“Well, he gets points for originality,” Rob said. “At least it wasn’t anything cliché. So now we have soft brown hair and a distinguishing tattoo. And really? No hint of a name?”

Taryn began to list masculine names in her head. None of them fit. It was an uncommon name.  ”I think his name was like a stone.”

“Rocky?” Mel threw mock punches in the air as if she were the boxer once played by Sylvester Stallone.

Taryn laughed. “Definitely not.”

“You remember the tattoo. Think about that. Try to hear what he was saying to you when you saw it. What you said to him,” Rob said.

Taryn closed her eyes.

“Oh! He works at a tattoo parlor.”

“Are you sure?”

“Yeah.” She blushed, remembering his hands on her body and his whispered offer to do her ink if she ever wanted it.

“That we can work with,” Mel said. “Any idea where?”

“Um,” Taryn said as another whispered memory came back to her. “He said he worked close to the bar we were at—within walking distance. That’s got to narrow it down some, right?”

Melanie pulled out her cell phone and began tapping. “It looks like there are five tattoo shops within a couple miles of the bar. We can go to each one until we find this stone guy with the lame hip tattoo.”

Taryn brightened until she remembered why she’d been doing her damnedest to forget this guy for the last month. “And then what do I say?  Hi, remember me?  Congratulations, you’re going to be a father. Yeah, I can see that going over really well. He’s going to hate me. Oh, God. I can’t do this.”

“Who cares what this guy thinks, we—”

“I can’t have a baby with a complete stranger. My genetics already suck, but I went and mixed them up with some random guy? What if we can’t find him? Then I spend this kid’s life wondering if it’s a time bomb? I can’t raise this kid alone. I can’t do it. There are too many variables, and I don’t want to go through all that alone.”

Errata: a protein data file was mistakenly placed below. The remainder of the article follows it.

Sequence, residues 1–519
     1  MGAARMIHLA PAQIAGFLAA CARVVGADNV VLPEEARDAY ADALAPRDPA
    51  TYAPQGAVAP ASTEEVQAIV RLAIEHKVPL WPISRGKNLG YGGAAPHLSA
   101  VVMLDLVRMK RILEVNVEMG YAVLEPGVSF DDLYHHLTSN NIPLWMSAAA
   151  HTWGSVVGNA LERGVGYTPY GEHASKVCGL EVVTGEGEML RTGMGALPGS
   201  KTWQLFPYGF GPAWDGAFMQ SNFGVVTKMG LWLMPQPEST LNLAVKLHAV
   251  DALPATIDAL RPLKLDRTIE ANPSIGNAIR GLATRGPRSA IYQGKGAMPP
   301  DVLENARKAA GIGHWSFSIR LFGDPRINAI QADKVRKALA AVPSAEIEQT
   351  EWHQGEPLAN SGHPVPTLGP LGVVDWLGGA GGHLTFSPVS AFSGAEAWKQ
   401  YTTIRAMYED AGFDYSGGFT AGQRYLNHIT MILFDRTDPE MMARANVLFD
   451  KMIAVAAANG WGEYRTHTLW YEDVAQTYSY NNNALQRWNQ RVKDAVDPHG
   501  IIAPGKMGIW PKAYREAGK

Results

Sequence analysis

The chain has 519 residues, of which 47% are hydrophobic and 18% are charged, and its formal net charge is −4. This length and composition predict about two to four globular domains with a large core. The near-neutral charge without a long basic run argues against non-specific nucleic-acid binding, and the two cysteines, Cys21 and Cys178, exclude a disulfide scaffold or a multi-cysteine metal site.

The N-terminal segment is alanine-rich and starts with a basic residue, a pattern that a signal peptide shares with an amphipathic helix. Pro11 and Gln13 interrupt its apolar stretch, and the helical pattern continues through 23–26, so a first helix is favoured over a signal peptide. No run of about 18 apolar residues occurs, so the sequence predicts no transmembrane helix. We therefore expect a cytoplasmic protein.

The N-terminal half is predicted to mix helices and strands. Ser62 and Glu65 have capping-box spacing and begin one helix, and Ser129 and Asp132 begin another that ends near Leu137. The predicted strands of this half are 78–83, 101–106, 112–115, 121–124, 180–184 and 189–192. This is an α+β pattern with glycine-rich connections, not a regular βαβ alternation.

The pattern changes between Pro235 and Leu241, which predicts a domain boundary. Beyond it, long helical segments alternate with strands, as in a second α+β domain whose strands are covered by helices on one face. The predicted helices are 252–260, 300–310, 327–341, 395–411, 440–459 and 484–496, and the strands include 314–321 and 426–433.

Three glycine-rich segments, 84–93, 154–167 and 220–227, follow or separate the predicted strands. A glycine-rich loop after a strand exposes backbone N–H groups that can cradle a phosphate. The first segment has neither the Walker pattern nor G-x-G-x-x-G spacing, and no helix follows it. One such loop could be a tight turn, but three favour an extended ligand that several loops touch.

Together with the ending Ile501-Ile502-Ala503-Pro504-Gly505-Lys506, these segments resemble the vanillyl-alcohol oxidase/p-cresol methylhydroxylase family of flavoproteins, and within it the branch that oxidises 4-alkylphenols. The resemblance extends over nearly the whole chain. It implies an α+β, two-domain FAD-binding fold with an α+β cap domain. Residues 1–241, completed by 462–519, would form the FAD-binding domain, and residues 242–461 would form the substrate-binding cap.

“Breathe.” Rob rubbed her back.

“We’re putting the cart before the horse here.” Mel took her hand and squeezed. “Taryn, this is a surprise. This isn’t something you wanted. If you don’t want to keep it, it ends here. Rob and I will never tell anyone.”

“You have us any way you slice this cake. You’re not alone.” Rob hesitated a beat before he went on. “I know your family can be tough, but they’d be there for you, wouldn’t they?”

Taryn wrung her hands. “They would be there. They would love the baby, but I’d be a disappointment forever.” She frowned. “I guess I’m already a disappointment anyway, right? Mike will be pleased. You know there’s nothing he likes better than saying I told you so.”

“Screw them,” Melanie said. “If they’re dicks about it, screw them. You want to do this thing, you can make your own family. We’ll be a patchwork quilt family—a little piece of all of us to bring this kid up right.”

Taryn’s lips quirked up. “You want to be this kid’s aunt, is that what you’re saying?”

“Heck yeah. Rob and I could rock the aunt and uncle thing. Think about it. We’ll cover shopping because we’re going to do it anyway, and you hate it. You already call us in every crisis over your blood family. Why not?”

“Patchwork quilt family, huh?” She sat up straighter and picked at a frayed thread on her jeans. “If I keep the kid, I have to tell the dad. What does Baby Daddy get to add to the quilt?”

“Best case scenario? You and Baby Daddy are made for each other, and this is all kismet,” Rob said.

“Yeah, right. That sounds like my life.”

“He brings his own patches,” Mel said. “And we all get to figure out how we fit to make a whole quilt of beautiful, haphazard pieces.”

Rob laughed. “That was poetic and strange coming from you.”

“Hey, man. Babies are a beautiful thing. New life beginning, new hope, all that. You know me. I’m the only one I know more unromantic than Taryn, and I still get the warm fuzzies for babies. I don’t know. I think it’s a cool idea that I could be part of what makes this kid who it is, even if it’s a small part.”

“Crap. That means I’m going to be a huge part,” Taryn muttered. “You want me to be someone’s Mommy? That’s insane.”

“This isn’t about what I want, Tare. We can’t make this choice for you. All I’m saying is it could be really cool.”

Taryn rubbed her temples as though she could massage away the traffic jam of thoughts in her head. She breathed in deep and back out. Her friends sat beside her in silence for a few minutes, lending their support as they promised. She pressed her tongue against the roof of her mouth before the words tumbled away from her. “Okay, but calling the baby ‘it’ creeps me out. We can call it Patch for now.”

Robin fist pumped and Melanie grinned.

3 Comments leave one →
  1. Nix permalink
    July 21, 2014 2:02 am

    So frigging excited!!!

  2. July 27, 2014 5:42 am

    I just read the posted first 2 chapters! So excited to read the rest.

  3. March 30, 2015 9:21 pm